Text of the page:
The video input section 1040 and the video output section 1050 interface to external digital video source and display equipment, respectively. The interface uses either the CCIR 601 or the CCIR 656 digital video standards. The video input section 1040 and the video output section 1050 are programmable and controlled by the RISC 1038 via the MMC registers 226. The video input 1040 may be configured to interface with a variety of digital video cameras or to a digital decoder chip, which is in turn connected to a composite video signal such as that from a camcorder or a VCR. The video output section 1050 may be configured to drive a video encoder chip, which in turn drives a TV or VGA monitor. Both the video input 1040 and the video output 1050 can be configured for NTSC or PAL timing, guaranteeing programmability for compatibility with TV and camera standards worldwide.
An important feature of the MPA is its flexibility and programmability. Each of the main processors, RISC 1038 and the DSP 1036, are fully software-programmable and can execute different programs to perform various tasks such as MPEG, videoconferencing, and Internet browsing. A single-system design may perform all these tasks by simply storing several programs in a non-volatile memory (such as ROM or EEPROM) and loading each program to the MPA as appropriate.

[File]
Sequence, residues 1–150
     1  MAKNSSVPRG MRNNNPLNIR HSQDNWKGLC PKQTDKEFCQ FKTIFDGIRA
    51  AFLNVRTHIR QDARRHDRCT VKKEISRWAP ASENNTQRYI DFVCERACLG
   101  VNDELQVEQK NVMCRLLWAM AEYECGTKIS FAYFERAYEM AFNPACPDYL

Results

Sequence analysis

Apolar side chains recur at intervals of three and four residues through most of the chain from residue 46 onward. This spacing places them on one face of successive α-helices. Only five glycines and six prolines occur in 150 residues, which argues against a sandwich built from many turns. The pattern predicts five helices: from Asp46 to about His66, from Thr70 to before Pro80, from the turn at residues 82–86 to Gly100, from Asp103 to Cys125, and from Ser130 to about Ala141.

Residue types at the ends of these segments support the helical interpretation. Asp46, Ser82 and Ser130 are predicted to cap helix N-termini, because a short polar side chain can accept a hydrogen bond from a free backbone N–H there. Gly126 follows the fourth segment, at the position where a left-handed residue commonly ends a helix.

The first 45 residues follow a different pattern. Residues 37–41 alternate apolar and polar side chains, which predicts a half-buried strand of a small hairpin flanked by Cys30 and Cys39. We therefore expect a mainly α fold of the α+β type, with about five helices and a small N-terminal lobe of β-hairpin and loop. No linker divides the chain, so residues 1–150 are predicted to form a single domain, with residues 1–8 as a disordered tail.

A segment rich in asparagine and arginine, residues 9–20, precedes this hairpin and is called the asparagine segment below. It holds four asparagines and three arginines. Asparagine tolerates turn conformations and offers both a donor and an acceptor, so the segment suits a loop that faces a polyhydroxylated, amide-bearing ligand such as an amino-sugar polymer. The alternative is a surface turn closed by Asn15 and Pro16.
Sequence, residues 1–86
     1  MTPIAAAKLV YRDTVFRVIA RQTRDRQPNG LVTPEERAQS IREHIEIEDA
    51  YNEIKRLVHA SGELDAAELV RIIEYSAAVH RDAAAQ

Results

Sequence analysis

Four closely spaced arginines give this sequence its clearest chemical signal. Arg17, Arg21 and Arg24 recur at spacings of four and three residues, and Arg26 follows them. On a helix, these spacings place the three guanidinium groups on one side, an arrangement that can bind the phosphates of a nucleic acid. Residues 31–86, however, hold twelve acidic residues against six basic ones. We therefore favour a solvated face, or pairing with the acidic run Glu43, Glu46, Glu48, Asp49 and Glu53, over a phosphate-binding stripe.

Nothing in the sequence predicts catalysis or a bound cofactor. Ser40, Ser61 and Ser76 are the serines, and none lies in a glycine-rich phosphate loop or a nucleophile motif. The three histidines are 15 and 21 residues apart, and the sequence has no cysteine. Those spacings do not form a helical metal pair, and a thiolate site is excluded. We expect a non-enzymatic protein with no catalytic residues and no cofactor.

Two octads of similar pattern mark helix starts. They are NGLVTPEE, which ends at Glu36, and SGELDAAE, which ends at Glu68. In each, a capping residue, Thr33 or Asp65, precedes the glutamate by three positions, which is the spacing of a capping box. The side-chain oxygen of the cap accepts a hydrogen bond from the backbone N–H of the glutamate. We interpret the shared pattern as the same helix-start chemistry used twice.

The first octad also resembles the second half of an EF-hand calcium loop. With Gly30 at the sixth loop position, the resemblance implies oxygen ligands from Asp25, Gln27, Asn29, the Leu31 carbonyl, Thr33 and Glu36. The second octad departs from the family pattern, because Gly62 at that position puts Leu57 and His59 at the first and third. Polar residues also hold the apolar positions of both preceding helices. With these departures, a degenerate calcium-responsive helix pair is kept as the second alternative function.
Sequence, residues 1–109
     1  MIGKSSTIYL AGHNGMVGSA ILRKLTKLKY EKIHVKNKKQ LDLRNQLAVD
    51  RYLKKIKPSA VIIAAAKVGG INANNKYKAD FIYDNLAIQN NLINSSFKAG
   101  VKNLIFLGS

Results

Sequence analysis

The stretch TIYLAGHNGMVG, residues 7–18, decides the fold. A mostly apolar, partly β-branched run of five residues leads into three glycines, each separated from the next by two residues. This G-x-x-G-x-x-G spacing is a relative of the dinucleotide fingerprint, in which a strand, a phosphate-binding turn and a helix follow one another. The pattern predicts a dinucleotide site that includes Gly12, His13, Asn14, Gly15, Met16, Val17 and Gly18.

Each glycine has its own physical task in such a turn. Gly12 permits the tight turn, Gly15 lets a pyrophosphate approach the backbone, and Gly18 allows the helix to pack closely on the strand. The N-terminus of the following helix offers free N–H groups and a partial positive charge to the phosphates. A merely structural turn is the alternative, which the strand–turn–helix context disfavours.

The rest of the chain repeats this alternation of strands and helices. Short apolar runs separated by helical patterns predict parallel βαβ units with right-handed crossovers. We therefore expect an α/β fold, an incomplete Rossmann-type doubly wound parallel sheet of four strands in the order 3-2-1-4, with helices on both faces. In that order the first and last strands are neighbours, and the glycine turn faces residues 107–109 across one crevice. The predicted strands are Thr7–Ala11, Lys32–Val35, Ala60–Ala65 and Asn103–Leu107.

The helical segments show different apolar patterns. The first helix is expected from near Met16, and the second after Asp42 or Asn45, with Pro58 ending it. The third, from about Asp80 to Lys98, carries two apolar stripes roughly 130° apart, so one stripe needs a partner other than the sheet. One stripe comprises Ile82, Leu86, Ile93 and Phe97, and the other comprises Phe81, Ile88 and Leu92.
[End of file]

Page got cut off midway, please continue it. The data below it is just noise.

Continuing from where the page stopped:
For the purposes of explanation, it is helpful to describe an example application of the MPA in a POTS videoconferencing system. This example is not intended to limit the potential uses of the MPA. Such a POTS videoconferencing system implements the H.324 standard consisting of: H.263 video compression, G.723 audio compression, H.223 multiplexer, H.245 control and handshaking, and V.34 modem. An example application illustrates the video and audio encoding process. The video encoding involves the MPA receiving video data via the video input 1040. The video input 1040 may scale the video data to a format suitable for compression. The video data is then stored in external DRAM via the DRAM DMA 296 and the DRAM interface 292. The video data is compressed by the DSP 1036 with the results of the compression being RLA tokens, as discussed previously, stored in external DRAM. Tokens are passed through the Huffman encoder 262, converted to the VLC format defined by the H.263 standard, and stored via the SRAM DMA 206 and the SRAM interface 202 in external SRAM. Alternatively, the RLA tokens may be passed through the portal 250, stored in external SRAM, and converted to VLC format in software by the RISC 1038. The audio-encoding involves receiving audio data from an external audio device through the serial port 213 and storing via the SRAM interface 202 in external SRAM. The data is then transferred to external DRAM via the portal 250. The DSP 1036 compresses the data according to the G.723 standard and the compressed data is transferred back to external SRAM. The RISC 1036 implements the H.223 multiplexer standard, which interweaves the compressed audio and video data into a single stream and transmits that stream to an external memory-mapped V.34 modem via the SRAM interface 202. The decoding process including demultiplexing, audio decompression and video decompression is the reverse of the encoding process described above. The DSP 1036 performs acoustic echo cancellation (AEC) on the audio data. The AEC process removes the component of the audio input that results from both acoustic coupling (caused by echoes off the walls of the room or direct coupling from the videoconferencing unit's speaker to its microphone) and electronic coupling (caused by feedback in the audio driver circuitry) of the audio output. The DSP 1036 also detects dual tone multiple frequency (DTMF) signals in the audio input and notifies the RISC 1038 of the presence of the DTMF signals. These signals may be used for control of the videoconferencing session via a touch-tone phone connected to the audio port 213. The RISC 1038 acts as the supervisor of the MPA hardware resources. In addition, the RISC 1038 performs call control and handshaking with the remote videoconferencing terminal according to the H.245 standard and controls the user interface by responding to external signals (such as DTMF tones from a telephone), changing the state of the session, and providing graphical feedback to the user via the video output 1050.